20th International AIDS Conference - Melbourne, Australia

THPL01 Stepping up the Pace: Making the Long Term Short Term
  Plenary Session
Venue: Plenary 2
Time: 24.07.2014, 08:22 - 10:30
Co-Chairs: Ian Gust, Australia (to be confirmed)
Georgie Crozier, Australia
George Ayala, United States
JoAnne Keatley, United States

Webcast provided by International AIDS Society
Award Presentation: IAS/ANRS Young Investigator Award

Stepping up the Pace on HIV Vaccine: What Needs To Be Done?
A. Lanzavecchia, Switzerland

Stepping up the Pace on New Prevention Technologies
K. Mayer, United States

Stepping up the Pace for Men Who Have Sex With Men (MSM) and Transgender: Understanding the Science
B. Grinsztejn, Brazil

Stepping up the Pace for Men Who Have Sex With Men (MSM) and Transgender: The Community Response
L. Garcia, Philippines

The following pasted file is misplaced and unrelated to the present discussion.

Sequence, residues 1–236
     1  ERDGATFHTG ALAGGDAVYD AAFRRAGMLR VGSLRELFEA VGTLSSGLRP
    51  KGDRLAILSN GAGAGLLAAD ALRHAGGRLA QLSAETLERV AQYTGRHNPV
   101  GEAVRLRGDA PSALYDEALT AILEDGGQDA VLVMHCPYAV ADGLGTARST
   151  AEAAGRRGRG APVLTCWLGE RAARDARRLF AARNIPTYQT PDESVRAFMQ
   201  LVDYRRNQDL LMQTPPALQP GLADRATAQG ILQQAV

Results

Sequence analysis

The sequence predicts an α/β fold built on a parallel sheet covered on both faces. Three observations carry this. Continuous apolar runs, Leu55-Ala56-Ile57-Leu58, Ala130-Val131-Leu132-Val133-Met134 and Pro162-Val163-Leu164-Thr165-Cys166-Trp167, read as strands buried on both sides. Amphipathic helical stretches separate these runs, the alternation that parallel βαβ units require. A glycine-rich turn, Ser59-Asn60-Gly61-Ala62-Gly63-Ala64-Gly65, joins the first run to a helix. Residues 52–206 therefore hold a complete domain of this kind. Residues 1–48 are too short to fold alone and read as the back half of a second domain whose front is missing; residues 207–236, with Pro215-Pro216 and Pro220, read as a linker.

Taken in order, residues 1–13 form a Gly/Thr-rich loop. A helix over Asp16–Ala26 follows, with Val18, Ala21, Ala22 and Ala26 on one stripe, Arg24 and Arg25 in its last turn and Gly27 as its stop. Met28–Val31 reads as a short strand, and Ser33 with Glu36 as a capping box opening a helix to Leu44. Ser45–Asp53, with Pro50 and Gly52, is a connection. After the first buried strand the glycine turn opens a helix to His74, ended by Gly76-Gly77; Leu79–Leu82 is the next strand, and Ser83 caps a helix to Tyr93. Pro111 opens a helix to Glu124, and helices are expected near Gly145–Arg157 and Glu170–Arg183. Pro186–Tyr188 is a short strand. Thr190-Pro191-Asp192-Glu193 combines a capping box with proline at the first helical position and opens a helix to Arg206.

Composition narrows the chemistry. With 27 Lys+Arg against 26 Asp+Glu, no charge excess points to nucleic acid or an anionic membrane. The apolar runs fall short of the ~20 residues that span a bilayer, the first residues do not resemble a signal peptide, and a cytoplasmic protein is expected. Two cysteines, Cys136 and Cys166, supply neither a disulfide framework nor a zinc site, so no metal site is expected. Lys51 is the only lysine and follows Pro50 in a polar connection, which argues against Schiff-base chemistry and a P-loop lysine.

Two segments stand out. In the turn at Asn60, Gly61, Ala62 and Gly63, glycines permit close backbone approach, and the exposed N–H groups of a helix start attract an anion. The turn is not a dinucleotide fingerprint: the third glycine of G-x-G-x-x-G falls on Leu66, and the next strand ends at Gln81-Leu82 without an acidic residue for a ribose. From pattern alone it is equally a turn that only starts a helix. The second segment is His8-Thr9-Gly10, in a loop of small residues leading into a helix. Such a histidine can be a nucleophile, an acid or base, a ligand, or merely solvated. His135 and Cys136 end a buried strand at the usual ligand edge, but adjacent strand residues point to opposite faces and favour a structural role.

Powerpoints presentations
Stepping up the Pace on HIV Vaccine: What Needs To Be Done? - Antonio Lanzavecchia

Stepping up the Pace on New Prevention Technologies - Kenneth Mayer

Stepping up the Pace for Men Who Have Sex With Men (MSM) and Transgender: Understanding the Science - Beatriz Grinsztejn

Stepping up the Pace for Men Who Have Sex With Men (MSM) and Transgender: The Community Response - Laurindo Garcia
Stepping up the Pace for Men Who Have Sex With Men (MSM) and Transgender: The Community Response - Laurindo Garcia

Rapporteur reports

Track A report by Matthew Parsons

This cross-disciplinary plenary session featured four presentations delineating key priority areas in basic and clinical sciences, social research and community involvement that will be essential to eliminating HIV/AIDS.